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Stepparent Rights and Obligations in New Jersey
Stepparents have one of the toughest jobs in the world. Stepping into the shoes of a child’s parent, even if it’s only part-time, is basically an impossible task.
Children of any age who have a relationship with each of their birth parents have to find different role for a stepparent in their lives. Naturally, they aren’t conscious of the underlying complexity of another semi-parental relationship, but you are, as the stepparent.
Starting and managing a stepparent relationship is tough enough, but ending it can be even more difficult to navigate in terms of the feelings and the legal issues involved.
Sadly, when there’s a divorce involving a stepparent the best interests of the stepchildren are not often top-of-mind for the birth parent or the stepparent. Nobody usually has a sharp focus on continuity of relationship, and that includes the divorce court judge.
If you have legally adopted one or more stepchildren you will have custody and child support obligations considered in your divorce process. But if you want to continue a relationship with children you have not adopted, and you are or will be divorced from the birth parent of those children you can get help from a family lawyer in New Jersey.
Neither statute nor case law in the state of New Jersey specifically outlines the rights and responsibilities of a stepparent, which means there really are none unless you get legal custody or visitation privileges in the divorce decree.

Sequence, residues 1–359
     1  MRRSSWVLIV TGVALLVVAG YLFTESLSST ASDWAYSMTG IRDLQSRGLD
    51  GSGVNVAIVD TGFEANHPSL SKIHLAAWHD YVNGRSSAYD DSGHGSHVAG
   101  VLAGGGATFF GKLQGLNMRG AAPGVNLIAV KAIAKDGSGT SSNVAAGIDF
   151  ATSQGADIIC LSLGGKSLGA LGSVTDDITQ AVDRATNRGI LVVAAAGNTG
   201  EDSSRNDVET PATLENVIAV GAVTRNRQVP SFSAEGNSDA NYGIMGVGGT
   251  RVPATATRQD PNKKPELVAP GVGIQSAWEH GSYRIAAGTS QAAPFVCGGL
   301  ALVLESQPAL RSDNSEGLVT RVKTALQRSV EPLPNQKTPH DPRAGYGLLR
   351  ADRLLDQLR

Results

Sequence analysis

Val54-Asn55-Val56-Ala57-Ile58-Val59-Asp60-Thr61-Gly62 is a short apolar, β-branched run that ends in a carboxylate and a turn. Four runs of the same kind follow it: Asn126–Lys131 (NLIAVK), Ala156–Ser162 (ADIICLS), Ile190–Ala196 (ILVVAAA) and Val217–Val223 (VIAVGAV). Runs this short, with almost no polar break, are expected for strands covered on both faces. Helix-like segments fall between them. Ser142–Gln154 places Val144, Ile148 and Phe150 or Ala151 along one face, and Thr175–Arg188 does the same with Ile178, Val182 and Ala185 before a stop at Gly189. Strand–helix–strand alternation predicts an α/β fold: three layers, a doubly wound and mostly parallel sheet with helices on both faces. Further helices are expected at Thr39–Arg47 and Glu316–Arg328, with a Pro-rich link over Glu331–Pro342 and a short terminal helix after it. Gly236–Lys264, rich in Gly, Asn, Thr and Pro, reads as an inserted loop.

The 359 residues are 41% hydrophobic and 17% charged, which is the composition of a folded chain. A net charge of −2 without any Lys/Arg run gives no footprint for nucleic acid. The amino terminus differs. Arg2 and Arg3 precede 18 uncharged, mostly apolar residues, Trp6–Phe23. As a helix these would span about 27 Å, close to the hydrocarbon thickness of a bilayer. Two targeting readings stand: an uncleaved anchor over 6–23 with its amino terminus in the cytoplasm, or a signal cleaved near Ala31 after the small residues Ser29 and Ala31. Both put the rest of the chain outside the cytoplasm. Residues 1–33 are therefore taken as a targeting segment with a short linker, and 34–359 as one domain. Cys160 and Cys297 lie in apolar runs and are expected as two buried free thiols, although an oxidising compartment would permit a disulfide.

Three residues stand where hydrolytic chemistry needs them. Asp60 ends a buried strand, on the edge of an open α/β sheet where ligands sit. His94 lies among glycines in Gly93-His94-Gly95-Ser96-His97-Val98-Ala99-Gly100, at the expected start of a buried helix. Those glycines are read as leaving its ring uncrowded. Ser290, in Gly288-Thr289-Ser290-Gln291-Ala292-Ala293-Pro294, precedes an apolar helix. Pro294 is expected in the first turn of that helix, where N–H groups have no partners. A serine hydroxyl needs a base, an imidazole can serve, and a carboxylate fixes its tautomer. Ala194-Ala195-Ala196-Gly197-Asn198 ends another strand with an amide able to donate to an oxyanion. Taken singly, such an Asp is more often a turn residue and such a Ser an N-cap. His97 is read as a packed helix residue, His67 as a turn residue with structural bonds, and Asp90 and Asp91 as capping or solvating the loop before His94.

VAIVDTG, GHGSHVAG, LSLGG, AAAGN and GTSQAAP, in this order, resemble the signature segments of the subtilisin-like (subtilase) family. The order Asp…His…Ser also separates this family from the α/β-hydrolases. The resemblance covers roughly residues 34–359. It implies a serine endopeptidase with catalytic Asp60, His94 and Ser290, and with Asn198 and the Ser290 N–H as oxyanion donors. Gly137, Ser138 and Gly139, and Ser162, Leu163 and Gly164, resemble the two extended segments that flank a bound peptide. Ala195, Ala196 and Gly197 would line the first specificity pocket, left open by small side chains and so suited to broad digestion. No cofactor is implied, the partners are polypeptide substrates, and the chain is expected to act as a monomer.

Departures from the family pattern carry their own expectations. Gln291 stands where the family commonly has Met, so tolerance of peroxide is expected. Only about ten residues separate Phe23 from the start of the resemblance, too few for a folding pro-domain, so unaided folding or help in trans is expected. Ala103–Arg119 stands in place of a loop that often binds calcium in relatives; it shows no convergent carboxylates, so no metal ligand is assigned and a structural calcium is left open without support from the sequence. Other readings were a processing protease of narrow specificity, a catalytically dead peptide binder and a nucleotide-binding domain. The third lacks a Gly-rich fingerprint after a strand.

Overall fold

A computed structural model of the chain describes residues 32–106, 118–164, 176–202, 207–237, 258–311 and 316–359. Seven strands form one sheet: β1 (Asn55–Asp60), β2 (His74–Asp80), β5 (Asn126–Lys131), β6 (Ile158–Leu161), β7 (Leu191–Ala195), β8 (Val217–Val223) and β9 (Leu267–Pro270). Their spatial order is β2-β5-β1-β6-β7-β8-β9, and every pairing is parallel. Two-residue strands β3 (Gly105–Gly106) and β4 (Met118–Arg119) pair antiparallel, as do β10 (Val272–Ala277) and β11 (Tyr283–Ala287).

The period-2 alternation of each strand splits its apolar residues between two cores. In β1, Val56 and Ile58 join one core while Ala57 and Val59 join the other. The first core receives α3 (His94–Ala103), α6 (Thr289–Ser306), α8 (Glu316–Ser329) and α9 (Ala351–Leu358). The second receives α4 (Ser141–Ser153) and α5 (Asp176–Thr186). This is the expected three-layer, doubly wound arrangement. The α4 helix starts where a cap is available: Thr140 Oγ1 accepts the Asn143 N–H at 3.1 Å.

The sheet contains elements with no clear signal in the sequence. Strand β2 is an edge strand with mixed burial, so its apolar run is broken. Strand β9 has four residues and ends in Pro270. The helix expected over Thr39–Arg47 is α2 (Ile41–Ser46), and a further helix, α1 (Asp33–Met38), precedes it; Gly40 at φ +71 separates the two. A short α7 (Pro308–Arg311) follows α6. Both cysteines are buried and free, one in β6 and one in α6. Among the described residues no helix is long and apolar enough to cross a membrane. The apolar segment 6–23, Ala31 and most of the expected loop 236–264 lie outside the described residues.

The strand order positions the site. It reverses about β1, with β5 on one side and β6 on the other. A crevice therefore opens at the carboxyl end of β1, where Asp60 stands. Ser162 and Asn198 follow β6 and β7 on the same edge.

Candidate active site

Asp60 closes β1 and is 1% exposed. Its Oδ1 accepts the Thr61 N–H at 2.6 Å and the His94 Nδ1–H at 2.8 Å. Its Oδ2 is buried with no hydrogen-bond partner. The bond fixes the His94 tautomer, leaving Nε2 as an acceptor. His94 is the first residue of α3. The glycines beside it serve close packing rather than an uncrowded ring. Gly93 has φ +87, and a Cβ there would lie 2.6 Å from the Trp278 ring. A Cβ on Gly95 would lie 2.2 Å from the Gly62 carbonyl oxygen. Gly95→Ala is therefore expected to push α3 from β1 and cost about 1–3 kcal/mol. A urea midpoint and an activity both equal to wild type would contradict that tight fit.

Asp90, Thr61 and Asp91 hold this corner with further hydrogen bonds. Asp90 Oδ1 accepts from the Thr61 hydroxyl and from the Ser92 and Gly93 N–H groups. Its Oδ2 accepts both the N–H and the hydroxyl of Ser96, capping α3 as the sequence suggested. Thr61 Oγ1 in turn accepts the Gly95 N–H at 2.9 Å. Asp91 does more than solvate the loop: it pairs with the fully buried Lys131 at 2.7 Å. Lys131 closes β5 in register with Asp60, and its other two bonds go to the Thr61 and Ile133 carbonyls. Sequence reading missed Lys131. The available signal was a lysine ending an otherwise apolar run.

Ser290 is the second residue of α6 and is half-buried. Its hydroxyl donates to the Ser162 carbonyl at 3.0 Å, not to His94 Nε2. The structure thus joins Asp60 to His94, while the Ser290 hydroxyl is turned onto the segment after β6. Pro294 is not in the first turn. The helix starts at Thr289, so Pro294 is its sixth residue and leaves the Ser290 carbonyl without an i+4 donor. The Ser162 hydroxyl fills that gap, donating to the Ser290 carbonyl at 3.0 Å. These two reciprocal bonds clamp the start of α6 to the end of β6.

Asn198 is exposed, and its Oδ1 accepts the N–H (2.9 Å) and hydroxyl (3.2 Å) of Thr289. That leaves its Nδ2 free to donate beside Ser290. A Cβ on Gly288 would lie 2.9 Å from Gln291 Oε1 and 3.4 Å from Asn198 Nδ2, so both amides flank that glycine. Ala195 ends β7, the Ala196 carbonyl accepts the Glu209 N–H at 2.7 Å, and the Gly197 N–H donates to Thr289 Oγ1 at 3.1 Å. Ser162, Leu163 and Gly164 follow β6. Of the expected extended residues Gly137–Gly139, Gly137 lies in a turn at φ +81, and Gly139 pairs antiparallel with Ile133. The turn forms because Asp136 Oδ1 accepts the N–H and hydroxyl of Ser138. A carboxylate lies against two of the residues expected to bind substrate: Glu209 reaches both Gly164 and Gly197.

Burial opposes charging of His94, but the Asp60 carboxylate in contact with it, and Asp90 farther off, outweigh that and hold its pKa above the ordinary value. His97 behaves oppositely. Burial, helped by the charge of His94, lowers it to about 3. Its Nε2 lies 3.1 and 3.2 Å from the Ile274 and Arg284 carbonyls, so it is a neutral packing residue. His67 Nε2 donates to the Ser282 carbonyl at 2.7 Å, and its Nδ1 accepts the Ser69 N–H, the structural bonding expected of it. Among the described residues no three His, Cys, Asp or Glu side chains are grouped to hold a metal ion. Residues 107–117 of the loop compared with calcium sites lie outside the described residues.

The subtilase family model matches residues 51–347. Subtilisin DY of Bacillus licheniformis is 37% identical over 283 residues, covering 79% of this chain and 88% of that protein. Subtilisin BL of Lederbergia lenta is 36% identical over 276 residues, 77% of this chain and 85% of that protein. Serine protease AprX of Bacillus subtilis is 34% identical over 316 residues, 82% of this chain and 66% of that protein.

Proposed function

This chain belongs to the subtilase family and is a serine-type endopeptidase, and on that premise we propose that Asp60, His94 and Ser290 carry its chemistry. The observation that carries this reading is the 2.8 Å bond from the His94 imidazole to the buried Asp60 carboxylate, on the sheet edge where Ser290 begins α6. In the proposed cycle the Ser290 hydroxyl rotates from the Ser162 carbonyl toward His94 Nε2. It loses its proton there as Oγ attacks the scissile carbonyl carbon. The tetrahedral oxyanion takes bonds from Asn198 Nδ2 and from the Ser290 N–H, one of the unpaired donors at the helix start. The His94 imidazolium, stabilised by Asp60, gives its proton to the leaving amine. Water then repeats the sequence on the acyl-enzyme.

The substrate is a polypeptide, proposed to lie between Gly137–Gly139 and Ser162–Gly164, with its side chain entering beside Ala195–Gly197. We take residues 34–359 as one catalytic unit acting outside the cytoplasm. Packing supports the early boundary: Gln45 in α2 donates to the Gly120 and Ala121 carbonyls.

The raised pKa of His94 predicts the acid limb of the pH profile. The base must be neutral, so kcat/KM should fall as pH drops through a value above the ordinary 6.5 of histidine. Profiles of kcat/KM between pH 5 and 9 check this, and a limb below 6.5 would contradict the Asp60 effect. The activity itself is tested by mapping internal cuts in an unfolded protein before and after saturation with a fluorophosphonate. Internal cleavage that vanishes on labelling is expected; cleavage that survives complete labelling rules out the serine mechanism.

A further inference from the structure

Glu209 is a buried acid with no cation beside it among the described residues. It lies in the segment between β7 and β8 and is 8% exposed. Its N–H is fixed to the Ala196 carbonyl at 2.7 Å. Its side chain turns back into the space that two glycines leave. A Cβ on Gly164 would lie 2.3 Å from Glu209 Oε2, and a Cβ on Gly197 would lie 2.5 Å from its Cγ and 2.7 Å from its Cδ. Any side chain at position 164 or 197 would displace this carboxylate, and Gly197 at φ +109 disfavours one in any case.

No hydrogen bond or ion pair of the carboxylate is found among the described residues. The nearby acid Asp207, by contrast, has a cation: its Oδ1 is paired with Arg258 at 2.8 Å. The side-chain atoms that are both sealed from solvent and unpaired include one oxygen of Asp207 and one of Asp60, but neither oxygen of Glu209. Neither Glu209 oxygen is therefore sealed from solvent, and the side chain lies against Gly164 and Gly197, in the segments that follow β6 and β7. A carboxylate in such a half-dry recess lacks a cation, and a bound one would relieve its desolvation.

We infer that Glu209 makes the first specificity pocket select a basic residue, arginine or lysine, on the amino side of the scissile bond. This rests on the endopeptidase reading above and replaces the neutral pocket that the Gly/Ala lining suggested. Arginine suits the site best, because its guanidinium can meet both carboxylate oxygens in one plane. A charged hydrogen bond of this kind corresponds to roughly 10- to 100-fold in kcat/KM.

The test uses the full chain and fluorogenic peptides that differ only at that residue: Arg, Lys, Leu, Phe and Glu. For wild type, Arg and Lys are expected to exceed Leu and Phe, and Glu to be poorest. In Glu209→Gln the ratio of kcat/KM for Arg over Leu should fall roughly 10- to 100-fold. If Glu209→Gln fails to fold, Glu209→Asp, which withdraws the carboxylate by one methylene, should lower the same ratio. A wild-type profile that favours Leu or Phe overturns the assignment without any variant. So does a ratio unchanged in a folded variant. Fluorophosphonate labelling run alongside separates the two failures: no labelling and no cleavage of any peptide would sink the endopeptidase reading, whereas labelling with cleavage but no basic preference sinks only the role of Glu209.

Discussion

Without the benefit of stipulated custody or visitation a stepparent has virtually no rights to interact with a child. And even with those court-ordered benefits in place, school officials and doctors are not obligated to treat a stepparent the same as a child’s parents. You may not have information or access you need to take care of a child in your custody.
In New Jersey there are cases that can help you get custody or visitation with stepchildren; even though most involve blood-related grandparents a court can apply them to a stepparent as a “third party” adult who has a relationship with the children.
In New Jersey, a separation agreement is any legal document signed by both spouses outlining the terms of the separation. Subjects resolved in a separation agreement can include child support, child custody, debt allocation and asset distribution. Notarizing the document ensures its validity, since there is no such case-type in New Jersey that provides for a "legal separation." Spouses wanting child support during the separation period, however, must file a claim with the New Jersey probation department.
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